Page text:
1. Remind your students of how school is meant to be a safe place. This statement may seem trite, but students must recall that being at school implies being in a secure location, both physically and socially. Feeling isolated, whether through intentional exclusion, is not a normal condition, and there are many support networks available for them, including your school’s guidance office, campus ministry, or another outlet that will allow them to express their concern and to build up positive relationships with others.
  1. If you notice that a student is, or has become, particularly withdrawn, emotional, sensitive, or similarly out of his or her typical character, speak to his or her guidance counselor or to a school administrator. Your student might be dealing with a considerably concerning situation, either within or outside of school, that deserves attention.
  1. Pray. Jesus taught us the need to pray consistently, particularly during a trial or set of difficult circumstances: “Then he told them a parable about the necessity for them to pray always without becoming weary” (Luke 18:1). Bullying has been a disordered specter within humanity for a multitude of generations, yet we must steadily recall that Jesus himself knew revulsion and mistreatment at the hands of his tormentors, and he of course has provided us with the epitome of a Christian response – one laden with prayer (read Matthew 27:46 [and Mark 15:34] in light of the extent of Psalm 22 [often denoted as the “Prayer of an Innocent Person”]). Bullying can ultimately only be counteracted with the love which must typify our Catholic educational institutions. After all, as Jesus reminds us: “‘Do to others as you would have them do to you’” (Luke 6:31). And just how seriously does Jesus take our expectation to treat everyone else in a Christian manner? In comparison to this passage from Luke’s Gospel (6:31), how fitting that the version in Matthew’s Gospel, the great “teaching Gospel,” features the added attestation that the Lord holds this Christian outlook to be so crucial that he further asserts that “‘this is the law and the prophets’” (Matthew 7:12). In other words, against injustice, God commands us to have love for others.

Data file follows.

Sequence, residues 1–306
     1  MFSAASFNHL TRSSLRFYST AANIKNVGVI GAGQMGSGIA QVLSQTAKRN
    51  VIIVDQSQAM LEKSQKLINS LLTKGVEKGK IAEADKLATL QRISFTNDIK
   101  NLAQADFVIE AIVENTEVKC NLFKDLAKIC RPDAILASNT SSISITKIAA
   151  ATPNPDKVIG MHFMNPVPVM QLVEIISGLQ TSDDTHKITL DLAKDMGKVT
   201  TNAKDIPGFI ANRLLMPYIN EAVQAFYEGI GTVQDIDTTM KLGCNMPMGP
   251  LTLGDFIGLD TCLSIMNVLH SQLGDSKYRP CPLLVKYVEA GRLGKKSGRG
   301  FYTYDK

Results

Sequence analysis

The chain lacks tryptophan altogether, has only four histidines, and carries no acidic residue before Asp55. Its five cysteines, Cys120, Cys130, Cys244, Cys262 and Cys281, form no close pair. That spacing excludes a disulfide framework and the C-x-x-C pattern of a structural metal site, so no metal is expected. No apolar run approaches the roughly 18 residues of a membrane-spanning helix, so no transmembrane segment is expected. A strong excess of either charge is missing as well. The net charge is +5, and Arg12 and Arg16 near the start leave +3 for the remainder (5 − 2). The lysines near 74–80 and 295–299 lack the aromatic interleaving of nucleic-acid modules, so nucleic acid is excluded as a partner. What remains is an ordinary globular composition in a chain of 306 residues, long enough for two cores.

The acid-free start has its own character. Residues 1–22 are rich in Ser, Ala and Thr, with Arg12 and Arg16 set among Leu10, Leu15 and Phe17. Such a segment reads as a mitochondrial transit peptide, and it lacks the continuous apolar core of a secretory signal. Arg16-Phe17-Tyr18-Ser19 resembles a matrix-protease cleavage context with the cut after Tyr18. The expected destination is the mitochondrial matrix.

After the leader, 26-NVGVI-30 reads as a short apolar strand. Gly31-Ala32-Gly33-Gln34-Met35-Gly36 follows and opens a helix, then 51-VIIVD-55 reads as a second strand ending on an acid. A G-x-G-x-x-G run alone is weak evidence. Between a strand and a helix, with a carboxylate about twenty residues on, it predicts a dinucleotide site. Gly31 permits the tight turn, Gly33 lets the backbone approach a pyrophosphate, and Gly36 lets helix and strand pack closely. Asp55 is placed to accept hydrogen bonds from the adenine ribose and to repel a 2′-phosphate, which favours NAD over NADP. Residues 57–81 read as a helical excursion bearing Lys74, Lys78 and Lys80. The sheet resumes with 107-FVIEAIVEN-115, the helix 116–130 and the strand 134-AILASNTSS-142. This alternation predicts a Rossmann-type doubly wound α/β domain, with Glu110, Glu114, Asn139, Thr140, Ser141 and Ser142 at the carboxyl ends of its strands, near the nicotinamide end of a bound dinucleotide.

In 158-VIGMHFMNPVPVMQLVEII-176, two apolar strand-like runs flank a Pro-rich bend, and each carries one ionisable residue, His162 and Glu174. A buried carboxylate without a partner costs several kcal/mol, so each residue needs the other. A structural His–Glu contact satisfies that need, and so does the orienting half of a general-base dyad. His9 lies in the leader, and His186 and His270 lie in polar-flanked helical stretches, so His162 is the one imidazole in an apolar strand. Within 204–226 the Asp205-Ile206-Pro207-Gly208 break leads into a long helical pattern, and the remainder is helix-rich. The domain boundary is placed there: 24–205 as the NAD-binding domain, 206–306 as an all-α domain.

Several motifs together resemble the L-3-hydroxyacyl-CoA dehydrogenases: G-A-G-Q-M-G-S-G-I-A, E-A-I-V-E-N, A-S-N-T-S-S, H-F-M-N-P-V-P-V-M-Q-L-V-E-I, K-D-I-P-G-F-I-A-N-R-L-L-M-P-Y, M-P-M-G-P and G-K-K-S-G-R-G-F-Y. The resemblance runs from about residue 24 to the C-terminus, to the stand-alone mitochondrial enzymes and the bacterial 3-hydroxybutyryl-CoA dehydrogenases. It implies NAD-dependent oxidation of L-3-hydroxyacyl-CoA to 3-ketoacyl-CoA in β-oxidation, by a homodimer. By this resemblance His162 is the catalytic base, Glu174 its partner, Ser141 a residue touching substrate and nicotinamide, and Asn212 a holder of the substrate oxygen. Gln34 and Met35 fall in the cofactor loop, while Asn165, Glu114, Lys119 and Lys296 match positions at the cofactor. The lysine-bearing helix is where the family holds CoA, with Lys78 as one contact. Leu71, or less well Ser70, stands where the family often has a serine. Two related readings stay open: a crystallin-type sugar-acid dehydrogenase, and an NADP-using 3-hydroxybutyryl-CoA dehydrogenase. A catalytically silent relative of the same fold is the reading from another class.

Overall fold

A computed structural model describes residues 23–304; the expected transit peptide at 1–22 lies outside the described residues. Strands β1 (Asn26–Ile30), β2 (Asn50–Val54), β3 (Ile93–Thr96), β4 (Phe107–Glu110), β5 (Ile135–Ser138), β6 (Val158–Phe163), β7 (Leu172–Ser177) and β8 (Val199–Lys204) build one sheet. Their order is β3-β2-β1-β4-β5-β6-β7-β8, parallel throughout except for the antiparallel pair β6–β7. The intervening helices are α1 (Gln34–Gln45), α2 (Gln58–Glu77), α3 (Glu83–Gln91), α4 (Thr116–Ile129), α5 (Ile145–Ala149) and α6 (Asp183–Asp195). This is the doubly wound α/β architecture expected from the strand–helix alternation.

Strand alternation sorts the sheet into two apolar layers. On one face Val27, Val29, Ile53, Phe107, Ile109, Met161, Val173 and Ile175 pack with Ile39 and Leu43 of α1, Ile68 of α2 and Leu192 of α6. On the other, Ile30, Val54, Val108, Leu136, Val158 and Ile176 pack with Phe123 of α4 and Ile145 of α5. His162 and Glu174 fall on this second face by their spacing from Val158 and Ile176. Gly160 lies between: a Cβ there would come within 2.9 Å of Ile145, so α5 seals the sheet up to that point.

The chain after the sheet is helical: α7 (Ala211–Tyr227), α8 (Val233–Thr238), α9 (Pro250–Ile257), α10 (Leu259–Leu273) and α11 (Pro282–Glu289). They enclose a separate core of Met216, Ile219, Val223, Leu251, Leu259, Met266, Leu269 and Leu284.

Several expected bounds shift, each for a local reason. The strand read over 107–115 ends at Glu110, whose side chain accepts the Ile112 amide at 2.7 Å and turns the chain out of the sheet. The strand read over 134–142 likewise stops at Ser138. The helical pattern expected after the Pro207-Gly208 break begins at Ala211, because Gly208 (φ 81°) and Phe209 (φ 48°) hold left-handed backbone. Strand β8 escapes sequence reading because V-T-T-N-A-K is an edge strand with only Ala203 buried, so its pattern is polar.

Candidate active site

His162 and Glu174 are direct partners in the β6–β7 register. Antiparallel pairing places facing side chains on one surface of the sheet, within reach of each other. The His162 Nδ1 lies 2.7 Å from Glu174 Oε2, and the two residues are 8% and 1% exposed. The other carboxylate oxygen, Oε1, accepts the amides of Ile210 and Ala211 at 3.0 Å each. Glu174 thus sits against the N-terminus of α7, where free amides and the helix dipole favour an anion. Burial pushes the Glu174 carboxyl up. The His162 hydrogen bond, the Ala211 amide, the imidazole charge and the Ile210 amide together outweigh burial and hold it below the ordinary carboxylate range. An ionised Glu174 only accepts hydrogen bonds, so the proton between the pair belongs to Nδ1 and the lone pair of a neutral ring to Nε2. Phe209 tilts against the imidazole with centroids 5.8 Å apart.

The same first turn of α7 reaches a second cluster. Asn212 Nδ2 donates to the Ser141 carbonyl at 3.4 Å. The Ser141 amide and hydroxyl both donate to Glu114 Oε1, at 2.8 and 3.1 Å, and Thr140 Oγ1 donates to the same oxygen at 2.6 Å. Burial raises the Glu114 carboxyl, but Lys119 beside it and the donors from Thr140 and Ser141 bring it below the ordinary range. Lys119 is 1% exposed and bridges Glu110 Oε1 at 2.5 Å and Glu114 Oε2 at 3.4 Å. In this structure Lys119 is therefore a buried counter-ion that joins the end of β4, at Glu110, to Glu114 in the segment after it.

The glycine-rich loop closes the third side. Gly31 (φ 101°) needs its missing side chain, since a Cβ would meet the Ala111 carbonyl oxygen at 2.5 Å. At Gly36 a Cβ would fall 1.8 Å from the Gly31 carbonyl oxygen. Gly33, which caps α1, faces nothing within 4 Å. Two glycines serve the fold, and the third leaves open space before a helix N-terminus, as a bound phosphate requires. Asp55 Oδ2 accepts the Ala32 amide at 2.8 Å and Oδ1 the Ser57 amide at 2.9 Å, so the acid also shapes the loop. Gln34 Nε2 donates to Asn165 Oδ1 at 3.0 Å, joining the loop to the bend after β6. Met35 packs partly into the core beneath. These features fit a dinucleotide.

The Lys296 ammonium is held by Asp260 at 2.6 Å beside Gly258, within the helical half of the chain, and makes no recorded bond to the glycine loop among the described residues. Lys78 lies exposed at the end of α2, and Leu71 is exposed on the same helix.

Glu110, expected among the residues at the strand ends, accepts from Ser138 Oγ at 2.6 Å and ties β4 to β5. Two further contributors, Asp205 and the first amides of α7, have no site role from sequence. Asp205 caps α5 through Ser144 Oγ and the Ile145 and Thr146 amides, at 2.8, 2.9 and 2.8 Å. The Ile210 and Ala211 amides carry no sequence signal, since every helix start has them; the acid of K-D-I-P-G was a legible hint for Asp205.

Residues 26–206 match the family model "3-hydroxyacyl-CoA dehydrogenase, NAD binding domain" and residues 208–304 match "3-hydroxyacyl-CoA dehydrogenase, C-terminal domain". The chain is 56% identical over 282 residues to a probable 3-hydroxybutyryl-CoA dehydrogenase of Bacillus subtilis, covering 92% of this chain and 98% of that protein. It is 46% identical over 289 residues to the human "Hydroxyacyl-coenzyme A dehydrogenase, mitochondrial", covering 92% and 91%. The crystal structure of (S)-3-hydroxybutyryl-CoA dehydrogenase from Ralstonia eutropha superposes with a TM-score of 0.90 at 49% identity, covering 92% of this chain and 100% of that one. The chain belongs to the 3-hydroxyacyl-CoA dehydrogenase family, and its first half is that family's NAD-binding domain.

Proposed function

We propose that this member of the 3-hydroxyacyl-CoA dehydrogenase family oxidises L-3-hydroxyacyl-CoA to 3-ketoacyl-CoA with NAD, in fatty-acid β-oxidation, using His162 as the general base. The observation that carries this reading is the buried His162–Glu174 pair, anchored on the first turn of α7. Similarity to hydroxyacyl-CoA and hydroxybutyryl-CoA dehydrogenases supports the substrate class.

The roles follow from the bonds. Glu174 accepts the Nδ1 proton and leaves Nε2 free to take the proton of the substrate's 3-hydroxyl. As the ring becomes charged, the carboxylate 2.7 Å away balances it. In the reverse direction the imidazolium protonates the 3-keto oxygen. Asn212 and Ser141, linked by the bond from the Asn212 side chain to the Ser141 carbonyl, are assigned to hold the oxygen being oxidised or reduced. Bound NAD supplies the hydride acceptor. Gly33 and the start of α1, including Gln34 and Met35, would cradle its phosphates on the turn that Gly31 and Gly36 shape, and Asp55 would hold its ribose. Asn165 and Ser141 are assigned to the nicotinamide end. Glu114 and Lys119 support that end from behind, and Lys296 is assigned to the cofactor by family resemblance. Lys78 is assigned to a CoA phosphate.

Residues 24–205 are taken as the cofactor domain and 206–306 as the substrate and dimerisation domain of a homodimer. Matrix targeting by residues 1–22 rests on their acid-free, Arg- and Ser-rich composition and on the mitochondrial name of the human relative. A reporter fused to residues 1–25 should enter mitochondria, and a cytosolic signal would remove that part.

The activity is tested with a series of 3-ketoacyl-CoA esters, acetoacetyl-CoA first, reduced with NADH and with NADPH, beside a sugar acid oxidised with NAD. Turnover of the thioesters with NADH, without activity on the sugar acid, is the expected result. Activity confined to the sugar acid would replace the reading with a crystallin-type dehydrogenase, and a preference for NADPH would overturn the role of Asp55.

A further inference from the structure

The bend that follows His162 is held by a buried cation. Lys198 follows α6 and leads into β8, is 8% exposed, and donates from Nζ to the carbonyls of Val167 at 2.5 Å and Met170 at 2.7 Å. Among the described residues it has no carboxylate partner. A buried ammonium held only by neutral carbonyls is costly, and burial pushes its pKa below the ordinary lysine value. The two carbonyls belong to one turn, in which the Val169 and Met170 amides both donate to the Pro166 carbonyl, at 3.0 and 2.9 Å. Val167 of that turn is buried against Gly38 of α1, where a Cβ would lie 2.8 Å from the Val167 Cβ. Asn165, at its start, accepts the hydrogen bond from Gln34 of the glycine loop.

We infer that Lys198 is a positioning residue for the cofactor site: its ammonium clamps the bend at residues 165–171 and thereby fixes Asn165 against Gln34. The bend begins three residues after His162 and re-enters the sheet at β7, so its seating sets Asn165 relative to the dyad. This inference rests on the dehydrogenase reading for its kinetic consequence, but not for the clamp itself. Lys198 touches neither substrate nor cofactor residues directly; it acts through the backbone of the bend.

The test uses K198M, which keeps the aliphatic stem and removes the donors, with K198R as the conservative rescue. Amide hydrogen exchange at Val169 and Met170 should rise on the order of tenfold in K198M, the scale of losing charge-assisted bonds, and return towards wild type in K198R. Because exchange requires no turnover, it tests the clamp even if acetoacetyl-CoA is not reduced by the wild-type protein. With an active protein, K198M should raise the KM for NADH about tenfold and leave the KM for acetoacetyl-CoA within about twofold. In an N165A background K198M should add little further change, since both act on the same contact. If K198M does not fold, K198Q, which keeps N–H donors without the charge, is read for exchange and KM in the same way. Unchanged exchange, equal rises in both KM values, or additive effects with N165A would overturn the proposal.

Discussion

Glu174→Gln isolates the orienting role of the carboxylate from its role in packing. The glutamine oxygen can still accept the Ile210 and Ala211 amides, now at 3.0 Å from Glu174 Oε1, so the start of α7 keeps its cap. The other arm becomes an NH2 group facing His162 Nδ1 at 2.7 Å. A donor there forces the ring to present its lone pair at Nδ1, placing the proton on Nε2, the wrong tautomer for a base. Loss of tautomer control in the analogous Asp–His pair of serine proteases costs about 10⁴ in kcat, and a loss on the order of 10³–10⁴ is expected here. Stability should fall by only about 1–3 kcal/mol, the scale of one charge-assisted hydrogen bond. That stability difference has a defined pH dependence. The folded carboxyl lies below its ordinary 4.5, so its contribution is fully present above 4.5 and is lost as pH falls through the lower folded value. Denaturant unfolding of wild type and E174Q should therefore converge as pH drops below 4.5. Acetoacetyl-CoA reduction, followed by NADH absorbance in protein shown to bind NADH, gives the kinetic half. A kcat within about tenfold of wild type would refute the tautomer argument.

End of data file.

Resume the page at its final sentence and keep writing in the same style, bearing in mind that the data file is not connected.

October 5, 2015

Theology Teacher Resource: RelEdNewsletter

Mr. Charles Beech, a theology teacher at Christian Brothers High School in St. Louis, prepares RelEdNewsletter a monthly update of lessons, resources, and activities that are a very helpful supplement to a theology teacher's library. You can view this month's collection and information on how to subscribe to the RelEdNewsletter here.

 

 

September 28, 2015

Celebrating God's Creation

In thankfulness for Pope Francis' journey to the United States and his reminders of the need to love, appreciate, and care for God's creation (especially in his recent encyclical Laudato Si) share these poems by Anne Sexton and e e cummings with your students. Background information on the authors, the reading, and follow up assignments are taken from The Catholic Spirit: An Anthology for Discovering Faith Through Literature, Art, Film, and Music.

Welcome Morning

Anne Sexton

Author Background

Anne Sexton (1928–1974) continually struggled with depression. Several times she attempted suicide and underwent many treatments to help improve her mental illness. Writing poetry helped her deal with her emotions in a creative way. Her poems reflect the joys, sorrows, and struggles of her personal life. Anne Sexton was awarded the Pulitzer Prize for poetry in 1967. Near the end of her life, she was drawn to Catholicism, and her religious interest is seen in many of these later poems, especially those found in the collection The Awful Rowing Toward God.

Before the Reading